Immigrant child gripping grate at international border. Horizontal composition. Image taken with Nikon D800 and developed from Raw format.

Asset owners and managers can help solve modern slavery and invest to stem the suffering of the 40.3 million workers in the world trapped in some form of labour abuse in what Fiona Reynolds, chief executive, PRI, and chair of The Financial Sector Commission on Modern Slavery and Human Trafficking called “a huge and growing human tragedy.”

Speaking at the Fiduciary Investors’ Symposium at Harvard University, Reynolds outlined the scale of the illegal industry, worth an estimated $150 billion annually. It costs countries battling to counter it dearly, and impacts women and children the most.

“One in four victims are children,” she said.

Timea Nagy Payne wasn’t a child when she was trafficked. But her ordeal working as a sex slave in Canada where she was trafficked from eastern Europe thinking she was travelling to work as a nanny tipped her life into chaos.

“My life was taken,” she told delegates. A feeling which endured long after her escape.

Reintegrating into society and “becoming a real person” took years due to a combination of trauma, financial exclusion, language barriers and the fact “nobody wants to hire victims,” she said.

Modern slavery is a market failure that governments cannot solve on their own, said Reynolds.

The need for solutions based on expertise from the public and private sectors was the genesis behind last year’s establishment of The Financial Sector Commission on Modern Slavery and Human Trafficking.

Rather than just detail the problems, its inaugural blueprint strives to provide the financial world with action-orientated steps outlined in five goals that investors and banks can use to help solve the problem.

Reynolds told delegates the banking sector “had stepped up” to navigate privacy rules that allowed the Commission to get the information it needed, and urged the financial community to use the leverage it has, particularly around building financial inclusion and preventing slavery in supply chains.

“Lots of companies say they are not responsible for their supply chains, but this is not an answer.”

She noted that microfinance was a crucial tool to help rebuilding victims’ access to the financial system.

Hiding in plain sight

“You all influence the supply chain,” Sharon Prince, chair and president, Grace Farms Foundation which works to raise awareness of the prevalence of forced labor in construction projects, present on building sites and in the building material supply chain – particularly timber, told delegates.

“Banks and insurers have the ability to get full disclosure; you also own projects. You don’t want to be invested in a supply chain that uses forced labour.”

She warned delegates that companies are often subsidizing their business with slavery, and that these companies are “part of the ecosystem.”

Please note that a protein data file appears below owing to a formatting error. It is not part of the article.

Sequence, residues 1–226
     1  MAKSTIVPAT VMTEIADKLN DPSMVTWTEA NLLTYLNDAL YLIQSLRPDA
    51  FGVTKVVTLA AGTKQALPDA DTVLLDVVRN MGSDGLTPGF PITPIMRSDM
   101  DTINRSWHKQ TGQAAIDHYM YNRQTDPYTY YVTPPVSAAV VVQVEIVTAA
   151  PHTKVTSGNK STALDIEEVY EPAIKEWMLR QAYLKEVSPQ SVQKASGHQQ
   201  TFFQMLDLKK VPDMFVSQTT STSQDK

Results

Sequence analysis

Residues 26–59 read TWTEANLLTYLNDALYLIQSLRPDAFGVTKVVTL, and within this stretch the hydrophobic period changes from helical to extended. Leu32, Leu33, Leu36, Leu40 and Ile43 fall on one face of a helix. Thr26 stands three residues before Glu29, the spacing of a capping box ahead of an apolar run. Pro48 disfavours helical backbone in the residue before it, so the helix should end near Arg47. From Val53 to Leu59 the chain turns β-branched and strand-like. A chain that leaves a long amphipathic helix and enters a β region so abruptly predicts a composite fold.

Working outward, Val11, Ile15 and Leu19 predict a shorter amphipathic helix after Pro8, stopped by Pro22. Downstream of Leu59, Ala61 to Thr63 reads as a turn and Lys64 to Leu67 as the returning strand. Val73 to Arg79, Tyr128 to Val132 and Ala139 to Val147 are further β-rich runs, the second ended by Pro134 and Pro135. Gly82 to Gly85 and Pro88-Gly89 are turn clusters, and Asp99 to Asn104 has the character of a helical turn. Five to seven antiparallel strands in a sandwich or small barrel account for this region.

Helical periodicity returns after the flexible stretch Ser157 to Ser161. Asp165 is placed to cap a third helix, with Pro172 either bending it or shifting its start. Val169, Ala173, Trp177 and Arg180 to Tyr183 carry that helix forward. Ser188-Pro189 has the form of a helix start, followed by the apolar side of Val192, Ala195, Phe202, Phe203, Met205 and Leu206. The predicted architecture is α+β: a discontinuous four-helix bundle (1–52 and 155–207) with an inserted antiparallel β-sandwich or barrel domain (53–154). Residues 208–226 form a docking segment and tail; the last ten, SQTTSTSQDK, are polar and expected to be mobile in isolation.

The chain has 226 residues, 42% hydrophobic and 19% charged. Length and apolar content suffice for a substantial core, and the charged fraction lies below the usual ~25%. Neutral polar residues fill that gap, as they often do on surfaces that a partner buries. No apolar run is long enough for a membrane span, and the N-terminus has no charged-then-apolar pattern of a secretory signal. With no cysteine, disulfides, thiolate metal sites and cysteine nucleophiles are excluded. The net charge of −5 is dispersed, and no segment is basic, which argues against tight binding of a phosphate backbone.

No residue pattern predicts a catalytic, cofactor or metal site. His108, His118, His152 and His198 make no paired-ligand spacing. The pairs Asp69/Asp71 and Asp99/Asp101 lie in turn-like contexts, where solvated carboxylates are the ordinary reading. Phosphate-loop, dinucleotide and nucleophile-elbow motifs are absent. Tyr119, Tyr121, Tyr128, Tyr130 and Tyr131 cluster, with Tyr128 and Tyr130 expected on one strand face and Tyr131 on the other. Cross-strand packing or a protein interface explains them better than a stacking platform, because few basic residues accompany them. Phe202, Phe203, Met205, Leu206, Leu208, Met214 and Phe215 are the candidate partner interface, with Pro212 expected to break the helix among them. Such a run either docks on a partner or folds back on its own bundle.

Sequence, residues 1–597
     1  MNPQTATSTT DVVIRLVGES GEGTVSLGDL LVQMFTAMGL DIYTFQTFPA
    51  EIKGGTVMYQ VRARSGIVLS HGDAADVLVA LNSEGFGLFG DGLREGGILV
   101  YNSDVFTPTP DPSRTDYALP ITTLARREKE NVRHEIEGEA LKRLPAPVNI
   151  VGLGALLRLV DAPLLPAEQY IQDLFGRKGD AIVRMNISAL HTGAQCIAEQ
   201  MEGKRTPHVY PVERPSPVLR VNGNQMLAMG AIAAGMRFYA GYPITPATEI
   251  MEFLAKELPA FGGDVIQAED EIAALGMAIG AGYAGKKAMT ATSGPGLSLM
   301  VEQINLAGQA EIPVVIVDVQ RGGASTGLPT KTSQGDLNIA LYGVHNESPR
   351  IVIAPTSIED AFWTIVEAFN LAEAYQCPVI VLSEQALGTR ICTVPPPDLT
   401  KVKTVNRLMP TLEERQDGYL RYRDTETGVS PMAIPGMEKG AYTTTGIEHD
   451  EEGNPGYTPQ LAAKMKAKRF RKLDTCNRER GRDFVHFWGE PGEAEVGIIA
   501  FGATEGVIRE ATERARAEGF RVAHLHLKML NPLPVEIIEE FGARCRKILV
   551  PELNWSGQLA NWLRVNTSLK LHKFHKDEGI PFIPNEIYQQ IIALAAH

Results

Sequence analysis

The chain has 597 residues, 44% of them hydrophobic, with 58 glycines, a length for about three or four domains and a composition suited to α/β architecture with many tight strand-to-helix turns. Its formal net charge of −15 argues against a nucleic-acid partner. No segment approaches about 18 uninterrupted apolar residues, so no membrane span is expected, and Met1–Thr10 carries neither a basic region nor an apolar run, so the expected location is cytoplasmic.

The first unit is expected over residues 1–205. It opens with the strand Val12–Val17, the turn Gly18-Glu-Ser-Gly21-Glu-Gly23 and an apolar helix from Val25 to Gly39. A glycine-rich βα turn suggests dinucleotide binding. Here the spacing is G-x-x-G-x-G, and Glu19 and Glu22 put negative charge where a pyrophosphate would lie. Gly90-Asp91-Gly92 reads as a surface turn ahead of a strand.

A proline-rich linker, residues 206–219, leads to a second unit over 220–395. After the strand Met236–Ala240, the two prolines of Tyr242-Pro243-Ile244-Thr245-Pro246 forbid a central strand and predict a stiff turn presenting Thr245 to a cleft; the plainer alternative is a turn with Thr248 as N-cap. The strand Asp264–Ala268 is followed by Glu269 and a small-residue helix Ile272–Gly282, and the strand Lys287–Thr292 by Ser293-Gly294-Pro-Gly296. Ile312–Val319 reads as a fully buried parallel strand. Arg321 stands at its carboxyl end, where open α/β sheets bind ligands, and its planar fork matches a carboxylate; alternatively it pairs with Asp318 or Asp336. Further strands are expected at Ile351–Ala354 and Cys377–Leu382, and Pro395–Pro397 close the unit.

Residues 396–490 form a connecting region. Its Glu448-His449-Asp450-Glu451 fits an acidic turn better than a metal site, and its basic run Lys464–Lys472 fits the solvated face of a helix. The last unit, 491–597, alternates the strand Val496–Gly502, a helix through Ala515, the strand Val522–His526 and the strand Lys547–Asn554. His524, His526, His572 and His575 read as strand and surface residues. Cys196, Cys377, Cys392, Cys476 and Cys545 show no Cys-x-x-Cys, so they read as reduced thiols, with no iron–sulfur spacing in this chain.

She said investors wield “lots of power in terms of compliance.”

Modern slavery is illegal in most countries with landmark acts like the UK’s Modern Slavery Act and similar regulations in Australia and the Netherlands driving change.

Elsewhere the US’s supply chain transparency regulation “doesn’t have much teeth” but could affect multinationals.

“Modern slavery a developed country issue hiding in plain sight,” she said.

Poor relation Social issues are the “poor cousin” in ESG, said Anders Stromblad, head of external managers, AP2.

“There is a lot of focus on climate and governance, but social issues are more difficult,” he said.

One reason for that is a lack of data and corporate transparency, he said.

“We shouldn’t think of it in silos because we live in a more complex world. Regulation is coming out and this area will continue to grow.”

Perhaps countries should look to Brazil, a surprising leader in supply chain transparency. Authorities now publish details available to all of blacklisted corporations and farms where slavery has been prevalent. Detailed information on laggards available in a “dirt list” allows companies to source their goods responsibly and banks to check before granting loans, said Leonardo Sakamoto, journalist and member of the board of trustees, UN Trust Fund on Contemporary Forms of Slavery and commissioner, The Financial Sector Commission on Modern Slavery and Human Trafficking.

“If a company is on the list it will have problems raising money on the stock market,” he said. “Brazil has developed lots of tools to help companies be open and transparent here and we are getting results.”

Amol Mehra, managing director, Freedom Fund also warned delegates of the growing regulatory risk around modern slavery. Strengthening regulation around human rights and modern slavery, driven in a large part by civil society, will increasingly impact companies.

“Governments are flexing their regulatory muscle,” he said. “Look at this in your investment portfolios.”

Mehra flagged that regulations around prohibited goods from the mining (particularly Cobalt) and apparel sectors because of these industries’ links to slavery, will increasingly tighten.

“These are all supply chains with known risk,” she said.

Sarah Rundell is a staff writer for Top1000funds.com based out of London. She writes on institutional investment across all asset classes, global trade and corporate treasury.
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